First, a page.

wherein said appliances automatically logon to said central server at regular pre-programmed intervals to report their status;
wherein said appliance connects to said central server using said unique identification means and a password in combination;
wherein communication between said appliance and said central server is encrypted;
wherein said system has to send out alerts to said users;
wherein said system has to communicate with any other internet enabled device using XML; and
wherein said system has to encrypt and decrypt communication between said central server and said appliances.
3. A system for monitoring and controlling a plurality of appliances, said system comprising:
access means providing said appliances with internet connectivity; and
at least one central server located on the internet, through which all data from said appliances and users of said system passes wherein said central server contains software application means for a plurality of users of said system to write and modify said program control means and the writing and modification of said program control means is done through a graphical user interface (GUI);
wherein said system is capable of allowing any said user to simultaneously communicate with a plurality of said appliances in real-time;
wherein said appliance contains an embedded internet access means built-in as an integral part of said appliance;
capable of allowing a plurality of said users to simultaneously communicate with any particular said appliance in real-time;
capable of allowing any said appliance to communicate with a plurality of other said appliances simultaneously and in real-time;
wherein said appliances automatically logon to said central server at regular pre-programmed intervals to report their status;
wherein said system has means to send out alerts to said users;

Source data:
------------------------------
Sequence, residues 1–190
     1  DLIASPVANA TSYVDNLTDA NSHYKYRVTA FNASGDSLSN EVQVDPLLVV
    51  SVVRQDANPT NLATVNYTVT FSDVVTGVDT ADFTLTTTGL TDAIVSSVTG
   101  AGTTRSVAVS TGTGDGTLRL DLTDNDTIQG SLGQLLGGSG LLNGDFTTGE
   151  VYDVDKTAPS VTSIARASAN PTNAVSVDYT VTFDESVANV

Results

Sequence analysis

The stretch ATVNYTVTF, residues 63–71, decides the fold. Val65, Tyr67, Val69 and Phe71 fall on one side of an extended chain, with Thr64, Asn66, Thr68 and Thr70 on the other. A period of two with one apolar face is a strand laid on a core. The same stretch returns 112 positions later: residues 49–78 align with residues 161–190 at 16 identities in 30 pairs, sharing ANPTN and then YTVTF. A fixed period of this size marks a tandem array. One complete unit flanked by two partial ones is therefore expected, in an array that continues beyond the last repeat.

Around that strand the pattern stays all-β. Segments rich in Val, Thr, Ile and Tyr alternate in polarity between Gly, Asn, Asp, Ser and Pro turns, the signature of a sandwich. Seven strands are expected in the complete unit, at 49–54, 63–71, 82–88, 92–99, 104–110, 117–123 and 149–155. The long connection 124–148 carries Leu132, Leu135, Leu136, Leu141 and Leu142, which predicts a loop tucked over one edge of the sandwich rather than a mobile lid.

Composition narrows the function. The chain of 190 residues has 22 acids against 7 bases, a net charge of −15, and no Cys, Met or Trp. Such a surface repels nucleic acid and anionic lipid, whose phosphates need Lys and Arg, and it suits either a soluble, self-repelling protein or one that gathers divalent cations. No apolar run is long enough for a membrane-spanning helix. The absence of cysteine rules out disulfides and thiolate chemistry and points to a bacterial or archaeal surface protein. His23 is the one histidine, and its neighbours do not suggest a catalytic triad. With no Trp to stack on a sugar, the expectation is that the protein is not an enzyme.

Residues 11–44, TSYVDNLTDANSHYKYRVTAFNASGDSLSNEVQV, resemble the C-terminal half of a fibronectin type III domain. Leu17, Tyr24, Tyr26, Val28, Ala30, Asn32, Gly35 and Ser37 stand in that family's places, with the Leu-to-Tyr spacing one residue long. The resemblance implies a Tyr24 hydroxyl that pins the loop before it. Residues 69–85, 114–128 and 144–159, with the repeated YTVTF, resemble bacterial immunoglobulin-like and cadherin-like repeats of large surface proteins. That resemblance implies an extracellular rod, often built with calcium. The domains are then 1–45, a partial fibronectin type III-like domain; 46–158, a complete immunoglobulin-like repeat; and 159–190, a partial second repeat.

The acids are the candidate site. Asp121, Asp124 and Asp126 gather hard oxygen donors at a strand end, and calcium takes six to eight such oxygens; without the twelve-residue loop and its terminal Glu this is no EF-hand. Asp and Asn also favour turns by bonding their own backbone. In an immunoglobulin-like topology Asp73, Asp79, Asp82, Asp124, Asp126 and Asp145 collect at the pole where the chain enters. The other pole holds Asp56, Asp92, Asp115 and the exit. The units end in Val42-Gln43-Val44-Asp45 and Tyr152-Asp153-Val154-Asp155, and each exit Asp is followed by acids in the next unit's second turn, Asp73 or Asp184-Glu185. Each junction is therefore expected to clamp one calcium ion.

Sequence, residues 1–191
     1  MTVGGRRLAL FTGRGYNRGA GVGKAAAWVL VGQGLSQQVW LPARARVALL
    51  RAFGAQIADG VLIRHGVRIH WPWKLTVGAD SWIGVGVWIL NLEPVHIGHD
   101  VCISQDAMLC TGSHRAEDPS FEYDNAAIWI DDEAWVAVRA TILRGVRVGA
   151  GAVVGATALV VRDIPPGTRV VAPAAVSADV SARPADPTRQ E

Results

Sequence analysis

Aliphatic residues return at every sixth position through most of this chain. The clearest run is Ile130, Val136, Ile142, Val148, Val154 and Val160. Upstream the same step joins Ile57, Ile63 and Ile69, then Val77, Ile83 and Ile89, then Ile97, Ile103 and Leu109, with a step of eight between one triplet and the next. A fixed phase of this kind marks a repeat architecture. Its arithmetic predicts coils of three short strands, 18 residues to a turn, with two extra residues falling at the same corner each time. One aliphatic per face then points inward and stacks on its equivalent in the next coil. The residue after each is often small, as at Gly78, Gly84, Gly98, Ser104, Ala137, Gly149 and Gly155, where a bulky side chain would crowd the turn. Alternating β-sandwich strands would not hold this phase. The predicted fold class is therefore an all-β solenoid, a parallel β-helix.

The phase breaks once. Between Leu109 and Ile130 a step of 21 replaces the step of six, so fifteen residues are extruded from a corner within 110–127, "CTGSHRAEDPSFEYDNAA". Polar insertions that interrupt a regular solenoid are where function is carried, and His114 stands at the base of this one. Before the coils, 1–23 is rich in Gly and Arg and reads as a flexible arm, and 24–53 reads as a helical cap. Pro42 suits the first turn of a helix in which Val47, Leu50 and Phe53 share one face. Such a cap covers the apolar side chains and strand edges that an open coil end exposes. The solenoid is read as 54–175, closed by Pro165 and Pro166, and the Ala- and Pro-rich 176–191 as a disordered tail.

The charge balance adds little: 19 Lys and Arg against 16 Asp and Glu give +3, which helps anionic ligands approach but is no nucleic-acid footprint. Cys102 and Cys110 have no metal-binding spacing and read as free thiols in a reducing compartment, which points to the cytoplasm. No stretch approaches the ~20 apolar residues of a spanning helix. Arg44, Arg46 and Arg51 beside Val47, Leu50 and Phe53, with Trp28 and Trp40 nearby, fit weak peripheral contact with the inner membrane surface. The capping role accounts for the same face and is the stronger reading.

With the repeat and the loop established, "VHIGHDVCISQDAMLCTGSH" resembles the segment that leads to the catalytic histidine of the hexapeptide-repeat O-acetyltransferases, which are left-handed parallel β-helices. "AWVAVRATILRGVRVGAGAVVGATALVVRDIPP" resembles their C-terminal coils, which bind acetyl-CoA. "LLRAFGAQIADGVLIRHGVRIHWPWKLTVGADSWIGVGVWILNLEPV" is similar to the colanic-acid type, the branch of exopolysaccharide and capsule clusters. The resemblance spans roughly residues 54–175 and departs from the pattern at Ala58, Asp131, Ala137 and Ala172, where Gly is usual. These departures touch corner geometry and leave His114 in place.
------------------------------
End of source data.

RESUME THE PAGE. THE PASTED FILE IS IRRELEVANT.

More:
wherein said system has means to communicate with any other internet enabled device using XML; and
wherein said system has means to encrypt and decrypt communication between said central server and said appliances.
Description
CROSS-REFERENCE TO RELATED APPLICATIONS (IF ANY)

None

STATEMENT AS TO RIGHTS TO INVENTION MADE UNDER FEDERALLY-SPONSORED RESEARCH AND DEVELOPMENT (IF ANY)

None

BACKGROUND

1. Field of the Invention

This invention relates to the art of embedded internet devices, and more particularly to a system and an architecture for providing real time interactivity between multiple devices and multiple users simultaneously.

2. Description of Prior Art

With the mass adoption of the internet in recent years, more and more people are getting connected to the internet, mostly through Personal Computers (PCs). More recently however, the focus is shifting from internet connectivity for people using PCs to internet connectivity for appliances using embedded internet devices Embedded internet devices are basically electronic devices that have microprocessors running a suitable set of software embedded into silicon (commonly known as a TCP/IP stack in firmware). This firmware enables the devices to communicate over the internet using Internet Protocol (IP) independent of a Personal Computer (PC) or equivalent machine.

Early internet devices are mostly designed as thin clients. These client devices connect to conventional servers over the internet to exchange data or request for services residing in the servers. Two common examples are the Wireless Application Protocol (WAP) mobile phones and Personal Digital Assistants (PDA). These embedded internet devices are usually operated by humans and primarily used to retrieve data from conventional servers.